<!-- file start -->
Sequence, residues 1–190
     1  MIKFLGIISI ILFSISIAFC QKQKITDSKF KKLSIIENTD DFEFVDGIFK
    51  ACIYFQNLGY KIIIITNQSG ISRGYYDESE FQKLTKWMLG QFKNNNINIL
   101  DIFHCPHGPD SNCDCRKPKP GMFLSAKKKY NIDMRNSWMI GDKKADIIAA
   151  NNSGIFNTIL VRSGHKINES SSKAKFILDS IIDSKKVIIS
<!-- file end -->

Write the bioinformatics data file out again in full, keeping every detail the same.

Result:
Sequence, residues 1–190
     1  MIKFLGIISI ILFSISIAFC QKQKITDSKF KKLSIIENTD DFEFVDGIFK
    51  ACIYFQNLGY KIIIITNQSG ISRGYYDESE FQKLTKWMLG QFKNNNINIL
   101  DIFHCPHGPD SNCDCRKPKP GMFLSAKKKY NIDMRNSWMI GDKKADIIAA
   151  NNSGIFNTIL VRSGHKINES SSKAKFILDS IIDSKKVIIS